So maybe China’s not collapsing—in fact, it might be stabilizing. At least, that’s what China’s unexpectedly strong July trade data hints. Exports rose 5.1% year-on-year in July, more than analysts expected. Imports, though, were the real shocker, surging 10.9%, to hit $168 billion.
But wait—what exactly was China importing so furiously in July? Heaps of iron ore, it seems. Imports of the metal leapt to a record 73.1 million tonnes (80.5 million tons), up 26.7% on the previous year. That’s more than it imported during the many months of the infrastructure bonanza between 2009 and 2012, when the government pumped $11.2 trillion into the economy:
Some think this means the economy is stabilizing; “steel demand is quite strong” (paywall), Maquarie analyst Graeme Train said. But it’s weird, because China’s businesses really don’t need new steel. It’s so hard to find buyers that steel mills are now storing 225,000 tonnes of steel, up 1.8% from last year. By one estimate the industry has a fifth more production capacity than it needs. And of China’s major steel mills, 40 out of 86 operated at a loss in H1 2013.
One answer might be that Chinese steelmakers are keeping their furnaces going not to build more skyscrapers, but quite simply as proof that they’re busy so they can keep lines of credit open with banks, as Reuters reports—probably to avoid defaulting on existing loans.
That story should sound familiar: It’s been happening in other industries all over China. The economy is slowing, crimping cash-flow and leaving companies without funds to cover bad debts taken on during the infrastructure boom. The government has told banks they must curb lending to steelmakers (link in Chinese), but this is too little, too late, given that the average debt-to-assets ratio of the 86 biggest steel companies has already climbed to 70% for H1 2013—and some companies’ are as high as 80%.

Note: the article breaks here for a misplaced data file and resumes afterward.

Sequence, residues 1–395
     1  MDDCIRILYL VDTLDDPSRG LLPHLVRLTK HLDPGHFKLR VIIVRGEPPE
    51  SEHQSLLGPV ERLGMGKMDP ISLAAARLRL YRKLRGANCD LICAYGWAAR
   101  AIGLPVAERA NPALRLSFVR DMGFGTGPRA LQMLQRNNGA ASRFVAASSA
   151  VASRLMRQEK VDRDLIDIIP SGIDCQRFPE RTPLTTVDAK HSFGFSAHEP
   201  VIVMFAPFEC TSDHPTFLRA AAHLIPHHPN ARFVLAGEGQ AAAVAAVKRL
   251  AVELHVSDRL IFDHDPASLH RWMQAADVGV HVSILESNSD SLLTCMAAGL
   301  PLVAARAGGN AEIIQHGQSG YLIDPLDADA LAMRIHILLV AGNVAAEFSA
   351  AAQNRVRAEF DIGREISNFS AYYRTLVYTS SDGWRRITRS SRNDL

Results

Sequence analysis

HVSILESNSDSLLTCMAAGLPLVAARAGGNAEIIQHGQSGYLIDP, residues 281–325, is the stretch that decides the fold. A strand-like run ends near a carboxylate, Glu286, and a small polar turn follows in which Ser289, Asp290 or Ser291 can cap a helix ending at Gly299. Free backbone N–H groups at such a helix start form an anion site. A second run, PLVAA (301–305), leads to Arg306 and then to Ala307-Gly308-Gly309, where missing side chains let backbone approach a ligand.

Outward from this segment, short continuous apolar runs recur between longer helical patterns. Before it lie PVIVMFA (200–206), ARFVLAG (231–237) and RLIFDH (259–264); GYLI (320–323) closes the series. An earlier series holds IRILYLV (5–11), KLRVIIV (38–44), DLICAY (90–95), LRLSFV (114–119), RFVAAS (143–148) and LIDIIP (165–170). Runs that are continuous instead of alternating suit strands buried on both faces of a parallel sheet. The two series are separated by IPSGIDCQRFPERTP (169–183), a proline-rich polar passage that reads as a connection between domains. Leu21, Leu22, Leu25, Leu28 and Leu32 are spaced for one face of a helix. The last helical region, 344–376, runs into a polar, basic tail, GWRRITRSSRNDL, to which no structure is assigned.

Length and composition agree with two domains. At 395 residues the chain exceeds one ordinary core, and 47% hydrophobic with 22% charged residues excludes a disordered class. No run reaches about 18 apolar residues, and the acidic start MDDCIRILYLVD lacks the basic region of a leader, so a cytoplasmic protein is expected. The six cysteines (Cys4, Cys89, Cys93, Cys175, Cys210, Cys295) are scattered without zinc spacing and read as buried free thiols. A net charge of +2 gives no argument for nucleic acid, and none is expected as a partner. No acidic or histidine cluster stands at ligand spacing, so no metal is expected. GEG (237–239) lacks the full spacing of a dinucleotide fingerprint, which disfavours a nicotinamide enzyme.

But even this crazed pumping out of unnecessary steel may not fully explain why iron imports are so high. As Société Générale’s Wei Yao noted today, the import boom could signal “reviving [of] commodity financing as a way of coping with domestic liquidity squeezes.” In other words, the cash crunch in May and June meant steel companies started using iron ore as loan collateral once again.
Why would they do that? Because you can get a lot more credit for a pile of iron ore than the pile is actually worth, and then you can go speculate with that capital on, say, real estate. An article in Time Weekly (link in Chinese) offers a series of disquieting quotes on how this works from interviews in Shanghai, the hub of iron ore-trading:
“At present, a slew of steel trade bosses have fled. They don’t want the [iron ore] collateral—prices have now bottomed out, and since they’ve already gotten loans, they’re leaving the iron ore for the banks to handle. On top of that, we don’t know how many times a batch of the commodity has been offered up as collateral.” – a Shanghai steel trader.
Here’s how that works:
“For example, a steel company puts $1 million worth of goods in a warehouse. He then pledges this collateral to a dozen or so banks. Just like that, $1 million in goods becomes $10 million in capital. The risk to banks is obviously really high. When steel prices were up, it was hard to realize what was going on. But when they fell, companies couldn’t repay their loans and their bosses skipped town. The boss doesn’t care about the iron ore any more now that he’s turned $1 million into $10 million. So the loss all falls on the bank.” – A general manager of a steel trading company
And what the banks think about that:
“The situation is extremely pessimistic, and the risk of not getting our loans back is huge.” – a senior manager at a Jiangsu bank branch.
“About 60% of loans to steel companies are non-performing loan. At present, we haven’t received back any of the credit extended to steel companies.” – a Bank of Communications executive.
So China’s steel sector looks ugly. But bad as it is, it’s really just a microcosm of what’s wrong with China’s bank lending habits in general. Iron ore isn’t the only thing loan officers accept as collateral; copper and rubber are just another couple of examples. And those have nothing on the scale and magnitude of what’s most commonly used as collateral: property. If the steel sector can cause this much trouble for banks, imagine what will happen when real estate values start to slide.